Can Long Island Make World Class Wines? Lettie Teague visits Long Island and reports that the wines she tasted at Channing Daughters were some of the best she'd tasted at any American winery.
Jay McInerny visits Channing Daughters and Long Island Wine Country and reports that Long Island wine making has definitely arrived with some excellent whites and a few very good reds...
For the past 20 years, I've been visiting the East End of Long Island—one of the most beautiful, and expensive, landscapes in North America—but I have so far refrained from writing about the local wine. Despite periodic announcements of breakthroughs and blind-tasting triumphs, I wasn't convinced that Long Island wines were ready for prime time, or for my table. It hardly seemed like a positive indicator for the region when the vines at well-regarded Schneider Vineyards were ripped up to make way for a horse farm. But after spending the summer tasting and visiting wineries, I'm newly optimistic about what's happening in my own backyard.
Long Island winemakers haven't had it easy. Developers covet their land; the local wildlife covets their fruit. As I write this, I'm looking out the window at seven deer munching the lawn. Deer love grape vines. Eastern Long Island is also on the flight path of numerous migratory birds, most of which love grapes. Fencing and netting are an expensive necessity here, but there's no defense against Hollywood. The fact that merlot is the grape on which most Long Island vintners have been betting the farm seemed at first unfortunate in the wake of the 2004 film Sideways, in which that grape was cast as a cheesy villain. And yet the reds that really got me excited this past summer were, in fact, merlots: the 2001 Lenz Old Vines Merlot and the 2001 and 2002 vintages of the Grapes of Roth, made by Long Island veteran Roman Roth. These wines represent a happy medium between fruity California and earthy Bordeaux. Cabernet franc also has its proponents here, but the real news, for me, is the quality and freshness of the white wines and the rosés.
The East End of Long Island looks a bit like a lobster claw aimed at France. Along with fishing, potato farming was the backbone of the local economy on both the upper and lower parts of the claw. In 1973, Louisa and Alex Hargrave planted the first vinifera vines on the North Fork, where the two were soon joined by Kip Bedell and several other incurable optimists. Five years later, Hamburg-born playboy-entrepreneur Christian Wölffer bought a potato farm on the South Fork, which he turned into Sagpond Vineyards.
Geologically and meteorologically, the North Fork and the South Fork are fairly similar, with their sandy soils and their marine-influenced weather. Culturally, they are as dissimilar as Fitzgerald's East Egg and West Egg. The South Fork encompasses the Hamptons, the summer playground of Manhattan's plutocracy. The North Fork, home to some 30 wineries, has a certain Mayberry RFD ambience, an agricultural vibe that reminds some transplanted Californians of Napa Valley b.m. (before Mondavi).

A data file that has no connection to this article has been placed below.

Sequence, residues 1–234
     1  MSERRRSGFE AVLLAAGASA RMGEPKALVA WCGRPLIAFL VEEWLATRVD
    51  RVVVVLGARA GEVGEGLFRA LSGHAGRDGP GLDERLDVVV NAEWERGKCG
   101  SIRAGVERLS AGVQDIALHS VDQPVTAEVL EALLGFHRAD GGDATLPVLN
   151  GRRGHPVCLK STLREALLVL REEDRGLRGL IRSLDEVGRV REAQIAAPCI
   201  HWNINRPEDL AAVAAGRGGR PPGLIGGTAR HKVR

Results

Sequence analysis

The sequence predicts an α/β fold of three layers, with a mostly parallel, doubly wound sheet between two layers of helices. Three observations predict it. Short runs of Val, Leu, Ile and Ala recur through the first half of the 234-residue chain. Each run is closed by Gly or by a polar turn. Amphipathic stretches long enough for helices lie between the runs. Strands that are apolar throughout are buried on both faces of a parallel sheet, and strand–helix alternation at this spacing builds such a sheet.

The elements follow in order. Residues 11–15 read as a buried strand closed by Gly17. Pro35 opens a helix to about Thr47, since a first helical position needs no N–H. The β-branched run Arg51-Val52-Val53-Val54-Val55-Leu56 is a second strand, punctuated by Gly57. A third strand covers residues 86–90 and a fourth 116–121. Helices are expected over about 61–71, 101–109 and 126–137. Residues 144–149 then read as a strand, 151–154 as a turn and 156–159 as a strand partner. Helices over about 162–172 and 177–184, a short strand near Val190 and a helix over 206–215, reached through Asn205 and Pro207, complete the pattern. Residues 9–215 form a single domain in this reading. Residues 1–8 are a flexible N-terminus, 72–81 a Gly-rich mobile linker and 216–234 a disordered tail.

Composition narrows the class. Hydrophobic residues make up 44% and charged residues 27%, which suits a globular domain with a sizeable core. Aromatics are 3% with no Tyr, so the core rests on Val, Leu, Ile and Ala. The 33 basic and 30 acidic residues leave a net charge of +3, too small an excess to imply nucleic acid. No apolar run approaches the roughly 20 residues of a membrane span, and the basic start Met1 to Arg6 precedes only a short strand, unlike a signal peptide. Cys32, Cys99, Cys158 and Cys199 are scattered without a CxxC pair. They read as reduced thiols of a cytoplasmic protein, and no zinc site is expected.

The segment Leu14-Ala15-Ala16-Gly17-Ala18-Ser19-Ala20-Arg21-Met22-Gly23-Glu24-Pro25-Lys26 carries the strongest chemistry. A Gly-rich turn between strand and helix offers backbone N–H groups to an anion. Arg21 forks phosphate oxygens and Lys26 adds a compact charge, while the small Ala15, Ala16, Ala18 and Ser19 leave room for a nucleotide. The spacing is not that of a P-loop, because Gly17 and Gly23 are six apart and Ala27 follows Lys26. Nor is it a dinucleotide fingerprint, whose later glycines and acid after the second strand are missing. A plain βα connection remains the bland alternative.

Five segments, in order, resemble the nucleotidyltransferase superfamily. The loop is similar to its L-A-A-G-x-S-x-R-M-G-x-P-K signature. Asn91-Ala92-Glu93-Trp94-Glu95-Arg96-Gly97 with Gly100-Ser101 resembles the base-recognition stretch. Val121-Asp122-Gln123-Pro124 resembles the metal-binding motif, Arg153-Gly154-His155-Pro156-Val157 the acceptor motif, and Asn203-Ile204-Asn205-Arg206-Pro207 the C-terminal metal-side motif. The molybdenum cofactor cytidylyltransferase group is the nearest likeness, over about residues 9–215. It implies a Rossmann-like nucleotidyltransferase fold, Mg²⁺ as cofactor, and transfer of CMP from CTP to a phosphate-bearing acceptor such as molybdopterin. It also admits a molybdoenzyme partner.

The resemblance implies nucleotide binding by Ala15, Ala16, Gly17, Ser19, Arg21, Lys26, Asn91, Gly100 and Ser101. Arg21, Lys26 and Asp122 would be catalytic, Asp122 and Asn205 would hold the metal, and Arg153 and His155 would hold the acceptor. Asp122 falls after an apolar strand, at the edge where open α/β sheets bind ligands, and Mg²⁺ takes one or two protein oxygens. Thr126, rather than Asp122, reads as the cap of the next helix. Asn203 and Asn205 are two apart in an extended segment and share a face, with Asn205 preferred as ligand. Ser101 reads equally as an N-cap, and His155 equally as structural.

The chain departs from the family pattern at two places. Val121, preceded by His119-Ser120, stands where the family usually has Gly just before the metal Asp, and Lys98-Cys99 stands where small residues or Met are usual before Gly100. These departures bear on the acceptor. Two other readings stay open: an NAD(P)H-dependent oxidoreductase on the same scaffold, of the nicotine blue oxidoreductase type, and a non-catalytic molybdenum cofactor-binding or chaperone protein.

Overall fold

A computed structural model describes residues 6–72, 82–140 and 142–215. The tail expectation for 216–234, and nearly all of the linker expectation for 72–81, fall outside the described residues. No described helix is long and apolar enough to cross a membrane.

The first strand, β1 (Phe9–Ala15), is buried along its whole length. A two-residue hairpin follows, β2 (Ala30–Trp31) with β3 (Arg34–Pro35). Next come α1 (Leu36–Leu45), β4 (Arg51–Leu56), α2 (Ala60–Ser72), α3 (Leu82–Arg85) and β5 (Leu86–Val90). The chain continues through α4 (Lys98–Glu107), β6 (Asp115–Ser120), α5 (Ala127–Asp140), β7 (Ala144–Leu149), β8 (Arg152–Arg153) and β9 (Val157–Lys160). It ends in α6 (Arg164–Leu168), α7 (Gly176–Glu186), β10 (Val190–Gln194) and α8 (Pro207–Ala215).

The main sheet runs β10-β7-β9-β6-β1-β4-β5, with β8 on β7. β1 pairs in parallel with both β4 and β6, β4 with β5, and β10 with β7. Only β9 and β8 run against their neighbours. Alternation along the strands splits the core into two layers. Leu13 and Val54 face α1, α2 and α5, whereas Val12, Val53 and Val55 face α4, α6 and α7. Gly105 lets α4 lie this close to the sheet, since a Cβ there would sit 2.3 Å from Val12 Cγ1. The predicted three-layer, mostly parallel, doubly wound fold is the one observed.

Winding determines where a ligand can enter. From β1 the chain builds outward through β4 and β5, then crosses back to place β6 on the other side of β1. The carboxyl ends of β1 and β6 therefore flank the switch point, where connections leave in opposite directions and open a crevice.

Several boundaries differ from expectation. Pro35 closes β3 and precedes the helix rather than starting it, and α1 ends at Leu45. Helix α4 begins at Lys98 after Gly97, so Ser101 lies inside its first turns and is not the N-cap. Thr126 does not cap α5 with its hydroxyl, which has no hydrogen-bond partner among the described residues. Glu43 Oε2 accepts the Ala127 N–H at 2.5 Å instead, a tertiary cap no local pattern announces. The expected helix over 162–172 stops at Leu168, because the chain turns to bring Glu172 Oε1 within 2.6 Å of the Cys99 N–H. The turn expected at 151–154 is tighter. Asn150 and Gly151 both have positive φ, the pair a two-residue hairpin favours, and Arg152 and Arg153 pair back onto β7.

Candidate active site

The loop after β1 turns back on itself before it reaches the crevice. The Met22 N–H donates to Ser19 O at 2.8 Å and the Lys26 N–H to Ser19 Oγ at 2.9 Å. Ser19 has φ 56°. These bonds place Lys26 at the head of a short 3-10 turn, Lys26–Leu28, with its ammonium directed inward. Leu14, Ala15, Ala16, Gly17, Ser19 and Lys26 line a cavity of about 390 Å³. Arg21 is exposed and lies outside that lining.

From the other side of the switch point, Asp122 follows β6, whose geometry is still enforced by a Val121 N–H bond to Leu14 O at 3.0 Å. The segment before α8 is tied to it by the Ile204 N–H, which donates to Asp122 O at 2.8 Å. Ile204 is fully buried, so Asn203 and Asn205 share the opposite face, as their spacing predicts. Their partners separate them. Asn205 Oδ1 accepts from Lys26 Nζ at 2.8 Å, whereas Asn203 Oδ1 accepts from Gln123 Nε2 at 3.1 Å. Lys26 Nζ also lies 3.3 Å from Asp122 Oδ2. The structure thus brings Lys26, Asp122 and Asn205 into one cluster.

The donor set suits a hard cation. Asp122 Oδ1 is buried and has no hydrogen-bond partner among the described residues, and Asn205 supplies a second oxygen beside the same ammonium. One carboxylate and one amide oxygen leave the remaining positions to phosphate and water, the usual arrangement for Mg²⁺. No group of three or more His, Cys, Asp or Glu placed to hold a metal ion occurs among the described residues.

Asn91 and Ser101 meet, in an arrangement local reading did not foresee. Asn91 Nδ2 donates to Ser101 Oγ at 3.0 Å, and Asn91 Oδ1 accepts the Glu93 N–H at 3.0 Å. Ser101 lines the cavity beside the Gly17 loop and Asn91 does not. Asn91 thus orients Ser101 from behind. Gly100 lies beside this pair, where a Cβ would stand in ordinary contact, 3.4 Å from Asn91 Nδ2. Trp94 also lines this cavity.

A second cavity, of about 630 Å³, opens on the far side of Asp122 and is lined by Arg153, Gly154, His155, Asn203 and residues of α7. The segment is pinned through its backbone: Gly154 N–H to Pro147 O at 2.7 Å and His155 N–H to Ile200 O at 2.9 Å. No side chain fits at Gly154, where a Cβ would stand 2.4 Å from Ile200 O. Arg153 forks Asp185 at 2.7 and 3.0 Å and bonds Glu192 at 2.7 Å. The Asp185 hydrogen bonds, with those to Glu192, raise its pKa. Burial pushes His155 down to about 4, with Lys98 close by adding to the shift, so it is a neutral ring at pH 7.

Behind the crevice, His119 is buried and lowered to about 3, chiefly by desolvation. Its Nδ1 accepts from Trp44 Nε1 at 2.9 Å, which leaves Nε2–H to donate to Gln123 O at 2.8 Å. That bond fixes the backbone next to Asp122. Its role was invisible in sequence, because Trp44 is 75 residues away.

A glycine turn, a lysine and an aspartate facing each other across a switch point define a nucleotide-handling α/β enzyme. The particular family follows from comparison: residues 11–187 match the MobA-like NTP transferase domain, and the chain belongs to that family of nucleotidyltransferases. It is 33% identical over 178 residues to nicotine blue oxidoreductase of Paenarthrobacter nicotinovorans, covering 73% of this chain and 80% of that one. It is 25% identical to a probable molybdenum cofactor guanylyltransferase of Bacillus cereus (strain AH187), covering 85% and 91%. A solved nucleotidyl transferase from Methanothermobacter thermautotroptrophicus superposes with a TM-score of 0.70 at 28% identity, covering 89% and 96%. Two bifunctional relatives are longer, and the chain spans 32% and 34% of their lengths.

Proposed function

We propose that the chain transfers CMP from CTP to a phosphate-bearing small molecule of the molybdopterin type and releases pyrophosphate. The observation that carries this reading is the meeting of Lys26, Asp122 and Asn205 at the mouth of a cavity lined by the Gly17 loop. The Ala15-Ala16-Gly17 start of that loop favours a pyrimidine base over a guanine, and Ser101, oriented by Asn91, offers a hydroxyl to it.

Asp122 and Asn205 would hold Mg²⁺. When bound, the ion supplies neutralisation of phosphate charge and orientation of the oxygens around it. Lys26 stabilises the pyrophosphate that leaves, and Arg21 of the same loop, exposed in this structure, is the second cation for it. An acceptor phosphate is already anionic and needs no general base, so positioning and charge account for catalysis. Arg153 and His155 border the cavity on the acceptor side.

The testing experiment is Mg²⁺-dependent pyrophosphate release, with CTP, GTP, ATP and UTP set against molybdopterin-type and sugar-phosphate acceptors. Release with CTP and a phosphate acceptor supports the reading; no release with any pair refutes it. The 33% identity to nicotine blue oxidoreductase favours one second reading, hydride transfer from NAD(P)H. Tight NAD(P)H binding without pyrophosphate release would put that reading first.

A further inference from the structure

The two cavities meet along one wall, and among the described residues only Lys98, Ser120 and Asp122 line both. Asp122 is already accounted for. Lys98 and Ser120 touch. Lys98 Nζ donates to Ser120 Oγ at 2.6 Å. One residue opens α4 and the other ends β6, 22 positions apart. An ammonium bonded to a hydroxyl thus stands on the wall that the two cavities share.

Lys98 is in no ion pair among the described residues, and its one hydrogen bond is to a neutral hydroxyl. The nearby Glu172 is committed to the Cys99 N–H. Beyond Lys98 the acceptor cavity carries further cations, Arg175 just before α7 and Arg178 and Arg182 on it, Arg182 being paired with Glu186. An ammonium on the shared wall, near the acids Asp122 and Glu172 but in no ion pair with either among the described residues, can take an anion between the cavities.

John Irving Levenberg, the diminutive winemaker at Bedell Cellars, is one of those transplants. "We have a chance to do something unique in the wine world," he says. "That's why I came here." When he was working for Paul Hobbs in Sonoma, Levenberg produced super-ripe alcoholic chardonnays that weighed in at more than 15 percent alcohol. Long Island, with its cooler climate, produces wines with higher natural acidity and lower alcohol, and Levenberg is not the first to suggest—and hope—that the wine world is moving in that direction.
Flying in the face of the local merlot mania, Channing Daughters Winery, in Bridgehampton, specializes in white varietals and white blends, which are garnering good press and finding space on Manhattan wine lists. "We believe Long Island is a white wine region," says winemaker Christoper Tracy, another California transplant. "We also believe in blending, because we think we can make more complex wines." The blends are partly inspired by the whites of Italy's Friuli region, the climate of which Tracy finds similar to the East End's. My favorite is the Mosaico, an exotically aromatic, viscous, and complex blend of pinot grigio, chardonnay, sauvignon blanc, Tocai Friulano, gewürztraminer, and muscat. Tracy also bottles single-varietal examples of Tocai Friulano and pinot grigio, both of which may be the best new-world examples I've encountered, and they're both great with the local littleneck clams. He also produces three excellent rosés, which cost about a third of the Domaines Ott rosé, the fashionable quaff here in the Hamptons.
If Channing Daughters' Mudd Vineyard Sauvignon Blanc is any indication, that varietal would seem to have great potential on the East End. In fact, the most impressive white wine I've tasted in months is Paumanok Vineyard's botrytised, late-harvest 2005 sauvignon blanc, an exquisite nectar that resembles a German eiswein.
Like several East End wineries, Channing Daughters also produces chardonnays in two styles, one lean and racy (Scuttlehole) and the other (L'Enfant Sauvage) fat and buttery—what I call lobster chardonnay. Despite the abundance of lobsters out here, I think the unoaked style is best suited to the climate. Long Island will never be able to compete with Napa and Sonoma in the Pamela Anderson School of Chardonnay. But as Long Island winemakers hone their craft, they are offering an increasingly attractive and sophisticated set of alternatives to the muscle-bound cabs and buxom chards of the West.